What is serotonin?:
Serotonin, and 5-hydroxytryptamine (5-HT) or Enteramin is a tissue hormone and neurotransmitter that is found among others in the central nervous system, intestinal nervous system, cardiovascular system and blood. The name of this biogenic amine is derived from its effect on blood pressure from: Serotonin is a component of the serum, which regulates the tone (tension) of blood vessels. It also affects the gastro-intestinal activity and signal transmission in the central nervous system.
In the human body has a variety of serotonin functions in particular the cardiovascular system, the gastrointestinal tract and nervous system. At the molecular level, the functions of serotonin on at least 14 different serotonin receptors (5-HT receptors) proteins, which are grouped into seven families: 5-HT1 to 5-HT7. The 5-HT3 receptors consist of ion channels, all other known 5-HT receptors are G protein-coupled receptors.  With this large number of serotonin receptors, the tissue also, are distributed cell type and konditionsabhängig is the organism in a position to respond to different serotonin concentrations and to start different signal transduction pathways. These are the main cause for the often conflicting functions of serotonin in the body. In addition, serotonin is capable of an intracellular modification of proteins known as Serotonylierung signaling pathways to control.
Serotonin and appetite:
Serotonin is a neurotransmitter, its distribution in the brain is indirectly associated with the food. One factor is the concentration of free tryptophan in blood plasma. Carbohydrate-rich diet leads to insulin secretion via an increase in tryptophan intake in the brain, which increased with a serotonin synthesis is associated.
Serotonin is associated with a particular appetite-suppressing effect in combination. In obese people the tryptophan levels in blood plasma and the serotonin levels are reduced in the brain. Drugs that increase, as the selective serotonin reuptake inhibitors, serotonin concentration in the brain leading to a loss of appetite as a side effect. Selective activation of serotonin receptor subtype 5-HT1A, primarily as autoreceptors controlling the release of serotonin is through inhibition of serotonin from nerve endings to an increased appetite. The actual appetitsenkende effect of serotonin is largely due to the serotonin receptors 5-HT1B or 5-HT2C
Serotonin sexual behavior:
Serotonin, which is distributed among other things, at the time of ejaculation in the hypothalamus showing primarily an inhibitory effect on sexual behavior and sexual function. Serotonin acts as an antagonist of dopamine. Drug substances, which increase as selective serotonin reuptake inhibitors increase serotonin concentration in the brain may result in addition to a reduction of the sexual need for men in particular to a limited capacity for erection, or to an inhibition of ejaculation.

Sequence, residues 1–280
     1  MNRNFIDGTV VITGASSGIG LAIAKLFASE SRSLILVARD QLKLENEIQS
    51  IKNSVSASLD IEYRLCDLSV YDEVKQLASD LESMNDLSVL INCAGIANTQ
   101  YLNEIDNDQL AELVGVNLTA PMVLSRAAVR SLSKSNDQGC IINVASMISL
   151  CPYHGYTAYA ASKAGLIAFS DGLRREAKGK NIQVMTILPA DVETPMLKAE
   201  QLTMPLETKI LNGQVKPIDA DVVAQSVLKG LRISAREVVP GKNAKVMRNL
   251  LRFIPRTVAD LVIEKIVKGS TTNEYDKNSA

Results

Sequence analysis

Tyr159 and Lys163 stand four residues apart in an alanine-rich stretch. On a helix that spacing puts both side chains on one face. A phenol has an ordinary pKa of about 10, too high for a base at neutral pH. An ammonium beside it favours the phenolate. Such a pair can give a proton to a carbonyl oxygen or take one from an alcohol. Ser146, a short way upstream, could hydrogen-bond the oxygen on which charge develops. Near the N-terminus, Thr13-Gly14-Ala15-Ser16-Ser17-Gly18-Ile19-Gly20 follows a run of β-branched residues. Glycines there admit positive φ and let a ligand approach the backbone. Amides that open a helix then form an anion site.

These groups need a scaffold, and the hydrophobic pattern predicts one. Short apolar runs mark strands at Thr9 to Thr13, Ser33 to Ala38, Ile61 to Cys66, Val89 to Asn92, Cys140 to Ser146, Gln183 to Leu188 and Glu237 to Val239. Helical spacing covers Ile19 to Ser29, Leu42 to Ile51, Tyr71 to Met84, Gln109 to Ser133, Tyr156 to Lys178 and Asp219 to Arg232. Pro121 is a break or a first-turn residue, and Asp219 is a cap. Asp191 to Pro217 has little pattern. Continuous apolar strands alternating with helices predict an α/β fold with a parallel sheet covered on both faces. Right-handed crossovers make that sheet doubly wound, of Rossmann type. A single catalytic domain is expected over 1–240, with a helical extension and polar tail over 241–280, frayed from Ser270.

Serotonin and sleep-wake rhythm:
The effects of serotonin on sleep are partially contradictory and depend crucially on the part of the brain and the role of serotonin receptors involved used.The as antagonists of catecholamines in the initiation of sleep has been known since the 1950s. A serotonin release was therefore associated with the paradoxical sleep (REM sleep). Surgical removal of the serotoninhaltigen raphe nuclei and inhibitors of serotonin synthesis, such as p-Chlorphenylalanin lead in experimental animals to sleep, which can be treated successfully by microinjection of serotonin or 5-hydroxytryptophan in the Hypnogen zones. Also an increased intake of the amino acid tryptophan, can be formed from serotonin in the brain indicates sleep-effect. In contrast, an increased activity of the raphe nuclei and increased serotonin secretion observed during the recovery period.
Serotonin and central nervous system:
Serotonin, which is located in the central nervous system in the somata (cell bodies) serotoninergic nerves in raphe nuclei, emit their axons to all parts of the brain that affects directly or indirectly, almost all brain functions. The main functions of serotonin in the brain that can cross the blood-brain barrier and are formed so the spot has to include the control or influence the perception of sleep, temperature regulation, sensory, pain perception and processing, of appetite, sexual behavior and hormone secretion. Serotonin acts both as a neurotransmitter in the synaptic gap, and is diffusely distributed on the other hand, free nerve endings.